Thursday, 24 September 2009

Dorian Gray

I went to see the turgid, unmitigated disaster of a movie that was Dorian Gray on Sunday, and it's taken until now for me to feel sufficiently in possession of my credulity to compose an entry about it. I know, you may be (logically) wondering why I keep discussing films in a blog supposedly devoted to my writing career. Firstly, I have two degrees in film and it's a great passion of mine, and secondly, I believe that film faces the same technical problems as writing, in terms of pacing, structure, dialogue etc.

Now, Dorian Gray is somewhat unsurprisingly based on the genius work by Oscar Wilde, The Picture of Dorian Gray. The original novel is an absolute delight, whereas the movie is a lacklustre blight on the face of the film industry. I'm often somewhat skeptical of adaptations, as few of them manage to retain the subtle subtexts and wide-reaching nuances of the original source, and I should have guessed by the trailer that the makers of this limp movie would have managed to strip everything out bar the basic plot, and refuse to replace it with anything that might go over the heads of the target teenage audience.

The novel is a meditation on the nature of immortality, of truth versus beauty, of the strength of morality and conscience when faced with the temptations of debauchery, but the film chooses to dispense with these to promote the message, "Wouldn't it be fun if you could do what you want?" Responsibility and principles are jettisoned for a selfish gratification of the ego. It's hardly unsurprising in our youth-obsessed times, when people inject botulism into themselves in an attempt to stave off the ageing process, that the film places heavy emphasis on the value and virtue of youth. It ties in nicely with that other cinematic debacle, Twilight, in which vampires stay forever young and beautiful.

It's simply a bad, bad film. The costumes seem somewhat wrong, and I cannot quite understand why the stylist decided to give Sibyl long red hair, when such an appearance in Victorian art would denote the woman as a prostitute, or 'fallen woman'. Victorian art was extremely preoccupied with the idea of the 'angel of the hearth', of the quiet, obedient wife who would run the household for her husband without complaint. Naturally this image appealed to the highly repressed Victorian consciousness, yet man was still drawn to her sinful sister, the harlot. This scarlet-haired temptress allowed men to be experienced before marriage, and represented those who had fallen from grace and would usually end up falling off a bridge into the murky waters of the Thames. Indeed, this is the same fate that befalls Sibyl, despite the fact that she is intended to be a shining beacon of virtue and innocence in Dorian's increasingly dark world.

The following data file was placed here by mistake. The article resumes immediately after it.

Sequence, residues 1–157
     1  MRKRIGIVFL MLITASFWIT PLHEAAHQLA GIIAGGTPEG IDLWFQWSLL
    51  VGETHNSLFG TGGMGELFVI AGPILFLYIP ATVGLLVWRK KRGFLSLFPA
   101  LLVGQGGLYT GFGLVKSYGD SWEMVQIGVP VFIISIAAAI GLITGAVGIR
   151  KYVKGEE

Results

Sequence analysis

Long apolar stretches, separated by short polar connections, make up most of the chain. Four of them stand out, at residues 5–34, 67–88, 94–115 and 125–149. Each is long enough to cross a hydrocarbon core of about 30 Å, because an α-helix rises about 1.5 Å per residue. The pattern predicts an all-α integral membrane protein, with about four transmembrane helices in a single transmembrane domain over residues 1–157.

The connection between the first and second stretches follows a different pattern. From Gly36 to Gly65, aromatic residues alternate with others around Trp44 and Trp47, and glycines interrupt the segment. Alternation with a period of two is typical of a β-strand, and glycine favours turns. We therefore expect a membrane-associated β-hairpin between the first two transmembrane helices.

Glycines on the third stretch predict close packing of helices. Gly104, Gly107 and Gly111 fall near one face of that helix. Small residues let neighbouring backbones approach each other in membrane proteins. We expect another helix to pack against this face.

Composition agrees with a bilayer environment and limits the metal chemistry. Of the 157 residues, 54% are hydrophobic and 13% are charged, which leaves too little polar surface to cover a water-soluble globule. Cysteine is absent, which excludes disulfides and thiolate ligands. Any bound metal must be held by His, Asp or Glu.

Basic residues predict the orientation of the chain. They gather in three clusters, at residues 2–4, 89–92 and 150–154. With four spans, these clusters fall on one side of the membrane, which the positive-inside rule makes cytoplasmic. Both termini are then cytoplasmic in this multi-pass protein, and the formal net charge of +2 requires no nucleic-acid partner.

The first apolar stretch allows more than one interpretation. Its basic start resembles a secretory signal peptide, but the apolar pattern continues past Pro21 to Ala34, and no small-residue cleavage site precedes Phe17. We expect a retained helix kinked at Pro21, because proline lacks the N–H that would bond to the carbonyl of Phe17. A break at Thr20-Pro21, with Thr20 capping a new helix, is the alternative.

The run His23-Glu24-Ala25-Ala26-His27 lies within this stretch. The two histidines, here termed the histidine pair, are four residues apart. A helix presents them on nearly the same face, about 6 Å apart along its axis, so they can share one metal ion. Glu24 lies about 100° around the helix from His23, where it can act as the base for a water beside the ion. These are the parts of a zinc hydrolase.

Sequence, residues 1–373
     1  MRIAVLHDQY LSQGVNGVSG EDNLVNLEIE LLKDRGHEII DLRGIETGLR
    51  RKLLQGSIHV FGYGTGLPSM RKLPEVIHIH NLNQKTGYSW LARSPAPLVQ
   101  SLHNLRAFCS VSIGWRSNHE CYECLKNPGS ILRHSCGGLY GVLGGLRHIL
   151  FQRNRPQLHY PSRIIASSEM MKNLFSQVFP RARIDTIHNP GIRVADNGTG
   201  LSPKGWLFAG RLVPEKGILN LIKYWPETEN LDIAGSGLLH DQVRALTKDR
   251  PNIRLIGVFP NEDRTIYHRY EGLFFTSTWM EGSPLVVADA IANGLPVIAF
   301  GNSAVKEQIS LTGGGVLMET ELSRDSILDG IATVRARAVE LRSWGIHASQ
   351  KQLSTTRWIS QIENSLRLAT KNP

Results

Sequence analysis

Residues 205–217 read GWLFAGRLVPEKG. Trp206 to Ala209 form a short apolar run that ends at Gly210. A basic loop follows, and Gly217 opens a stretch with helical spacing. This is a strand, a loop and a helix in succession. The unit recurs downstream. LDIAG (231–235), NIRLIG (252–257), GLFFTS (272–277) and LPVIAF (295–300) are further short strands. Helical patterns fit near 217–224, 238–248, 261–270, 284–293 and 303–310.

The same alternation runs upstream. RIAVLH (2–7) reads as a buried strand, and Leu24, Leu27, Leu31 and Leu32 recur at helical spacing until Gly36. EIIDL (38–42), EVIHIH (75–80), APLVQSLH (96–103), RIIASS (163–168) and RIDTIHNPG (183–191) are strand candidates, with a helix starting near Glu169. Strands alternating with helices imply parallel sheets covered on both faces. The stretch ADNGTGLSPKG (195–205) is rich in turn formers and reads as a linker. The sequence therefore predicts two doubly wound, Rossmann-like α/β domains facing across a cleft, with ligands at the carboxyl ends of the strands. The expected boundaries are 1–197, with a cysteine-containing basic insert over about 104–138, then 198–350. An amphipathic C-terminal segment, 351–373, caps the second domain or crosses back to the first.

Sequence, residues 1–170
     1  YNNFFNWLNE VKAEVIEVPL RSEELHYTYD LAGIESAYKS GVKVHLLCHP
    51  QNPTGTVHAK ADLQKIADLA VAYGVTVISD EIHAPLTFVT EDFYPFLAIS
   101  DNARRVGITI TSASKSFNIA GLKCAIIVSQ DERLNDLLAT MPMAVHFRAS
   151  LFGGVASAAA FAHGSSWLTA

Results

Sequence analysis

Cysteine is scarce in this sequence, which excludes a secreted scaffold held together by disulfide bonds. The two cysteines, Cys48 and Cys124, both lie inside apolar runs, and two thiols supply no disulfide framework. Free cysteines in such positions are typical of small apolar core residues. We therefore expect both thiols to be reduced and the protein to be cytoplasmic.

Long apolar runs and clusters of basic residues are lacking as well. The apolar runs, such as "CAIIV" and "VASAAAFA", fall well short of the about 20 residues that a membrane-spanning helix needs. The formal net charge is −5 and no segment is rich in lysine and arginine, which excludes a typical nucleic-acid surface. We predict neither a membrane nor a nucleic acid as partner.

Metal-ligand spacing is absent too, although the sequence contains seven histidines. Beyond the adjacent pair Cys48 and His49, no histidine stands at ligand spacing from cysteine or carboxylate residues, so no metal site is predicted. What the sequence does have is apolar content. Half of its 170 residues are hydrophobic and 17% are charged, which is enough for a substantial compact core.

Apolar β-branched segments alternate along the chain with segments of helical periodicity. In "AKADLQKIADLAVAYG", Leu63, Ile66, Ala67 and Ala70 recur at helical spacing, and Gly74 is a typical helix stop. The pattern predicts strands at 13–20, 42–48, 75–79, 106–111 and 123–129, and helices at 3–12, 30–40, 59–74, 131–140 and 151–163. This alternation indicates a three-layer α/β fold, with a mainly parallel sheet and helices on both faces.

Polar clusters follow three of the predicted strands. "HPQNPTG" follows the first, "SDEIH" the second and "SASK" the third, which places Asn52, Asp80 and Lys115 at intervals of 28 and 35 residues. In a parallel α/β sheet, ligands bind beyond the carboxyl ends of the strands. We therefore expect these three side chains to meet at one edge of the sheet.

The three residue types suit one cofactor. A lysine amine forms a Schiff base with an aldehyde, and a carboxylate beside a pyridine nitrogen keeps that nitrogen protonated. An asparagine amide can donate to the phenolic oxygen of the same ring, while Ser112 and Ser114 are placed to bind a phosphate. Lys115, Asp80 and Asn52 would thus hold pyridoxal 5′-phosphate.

Part of me wonders that Sibyl's hair is inspired by the fact that when Dorian first sees her, she is playing Ophelia in Shakespeare's Hamlet, although her appearance owes more to Ophelia in John Everett Millais' painting of the same name. Ophelia drowns herself, and Shakespeare hints that she does so as she is pregnant, and it's an eerie echo of the situation in which young Sibyl finds herself. I can understand the inclusion on the part of Mr Wilde, as he was clearly a genius, but I can't help feeling that any similarities featured by the filmmakers are completely accidental.

It is almost upsetting how easily the filmmakers tore the witty heart out of the novel, to replace it with a glossy absence of substance. Dorian's supposed debauchery seems tame compared to the goings on of most soap characters, and when we finally see the painting of Dorian in the final act, it looks more like Vigo from Ghostbusters II than a damning indictment of the havoc wrought upon a misguided man's soul. Where the book revealed the price to be paid for man's folly, the movie turns Dorian into a reckless pretty boy seemingly devoid of personality or charisma. Maybe if the filmmakers had taken a leaf from the diabolically bad League of Extraordinary Gentlemen and cast Stuart Townsend as Dorian (the only good thing about LOEG), then the film might have been saved. Otherwise, it's just a poor adaptation of an amazing book.

Buy the novel; ignore the movie.

1 comments:

hearwritenow said...

I think I'll take your advice and avoid this one. I love the novel. I hopped online to see who was in this: Ben Barnes as Dorian! They have got to be kidding!

- elle from hearwritenow

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